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General Geographical Economics Model with Congestion

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  • Charles van Marrewijk

    ()
    (Faculty of Economics, Erasmus Universiteit Rotterdam)

Abstract

We derive and discuss a general, but simple geographical economics model with congestion, allowing us to explain the economic viability of small and large locations. The model generalizes some previous work and lends itself to analyzing the impact of public policy in terms of infrastructure changes. We show analytically that scale effects (total size of the economy) and changes in the cost structure (fixed and marginal costs) are important from a welfare perspective, but largely irrelevant from an economic dynamics perspective.

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File URL: http://papers.tinbergen.nl/05100.pdf
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Bibliographic Info

Paper provided by Tinbergen Institute in its series Tinbergen Institute Discussion Papers with number 05-100/2.

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Date of creation: 31 Oct 2005
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Handle: RePEc:dgr:uvatin:20050100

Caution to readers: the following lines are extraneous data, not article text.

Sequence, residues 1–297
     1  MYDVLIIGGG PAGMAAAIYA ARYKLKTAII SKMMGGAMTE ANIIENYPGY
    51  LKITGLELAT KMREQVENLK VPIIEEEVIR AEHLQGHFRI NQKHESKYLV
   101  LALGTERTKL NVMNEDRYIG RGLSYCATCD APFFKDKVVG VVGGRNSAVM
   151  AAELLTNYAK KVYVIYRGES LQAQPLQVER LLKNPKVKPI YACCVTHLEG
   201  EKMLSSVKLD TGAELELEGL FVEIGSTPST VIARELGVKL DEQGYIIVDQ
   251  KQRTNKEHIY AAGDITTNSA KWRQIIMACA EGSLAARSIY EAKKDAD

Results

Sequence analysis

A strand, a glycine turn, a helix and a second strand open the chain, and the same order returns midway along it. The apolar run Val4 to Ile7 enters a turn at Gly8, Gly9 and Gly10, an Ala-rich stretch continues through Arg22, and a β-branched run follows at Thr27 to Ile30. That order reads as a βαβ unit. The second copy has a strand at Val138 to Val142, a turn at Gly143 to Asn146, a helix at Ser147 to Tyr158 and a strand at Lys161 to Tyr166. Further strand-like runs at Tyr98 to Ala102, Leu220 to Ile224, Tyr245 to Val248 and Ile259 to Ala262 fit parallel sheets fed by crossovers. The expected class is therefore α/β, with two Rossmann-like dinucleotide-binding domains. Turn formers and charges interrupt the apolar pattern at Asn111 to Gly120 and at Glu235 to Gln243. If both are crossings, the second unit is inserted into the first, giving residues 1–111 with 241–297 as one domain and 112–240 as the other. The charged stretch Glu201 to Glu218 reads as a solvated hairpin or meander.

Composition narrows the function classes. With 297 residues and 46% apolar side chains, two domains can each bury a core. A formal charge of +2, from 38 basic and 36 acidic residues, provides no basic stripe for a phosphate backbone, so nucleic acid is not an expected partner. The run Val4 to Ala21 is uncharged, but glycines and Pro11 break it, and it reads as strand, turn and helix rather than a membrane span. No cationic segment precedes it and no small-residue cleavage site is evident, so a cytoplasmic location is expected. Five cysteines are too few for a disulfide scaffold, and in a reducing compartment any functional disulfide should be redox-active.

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Web page: http://www.tinbergen.nl

Related research

Keywords: Geographical economics; congestion; externalities;

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  1. Baldwin, Richard & Krugman, Paul, 2000. "Agglomeration, Integration and Tax Harmonization," CEPR Discussion Papers 2630, C.E.P.R. Discussion Papers.
  2. Masahisa Fujita & Paul Krugman & Anthony J. Venables, 2001. "The Spatial Economy: Cities, Regions, and International Trade," MIT Press Books, The MIT Press, edition 1, volume 1, number 0262561476, December.
  3. J.Peter Neary, 2001. "Of Hype and Hyperbolas: Introducing the New Economic Geography," Journal of Economic Literature, American Economic Association, vol. 39(2), pages 536-561, June.
  4. Krugman, Paul & Venables, Anthony J., 1995. "Globalization and the Inequality of Nations," Working Paper Series 430, Research Institute of Industrial Economics.
  5. Dixit, Avinash K & Stiglitz, Joseph E, 1977. "Monopolistic Competition and Optimum Product Diversity," American Economic Review, American Economic Association, vol. 67(3), pages 297-308, June.
  6. Rikard Forslid & Gianmarco I.P. Ottaviano, 2003. "An analytically solvable core-periphery model," Journal of Economic Geography, Oxford University Press, vol. 3(3), pages 229-240, July.
  7. Fredrik Andersson & Rikard Forslid, 2000. "Tax Competition and Economic Geography," Econometric Society World Congress 2000 Contributed Papers 1356, Econometric Society.
  8. Krugman, Paul, 1991. "Increasing Returns and Economic Geography," Journal of Political Economy, University of Chicago Press, vol. 99(3), pages 483-99, June.
  9. repec:fth:iniesr:430 is not listed on IDEAS
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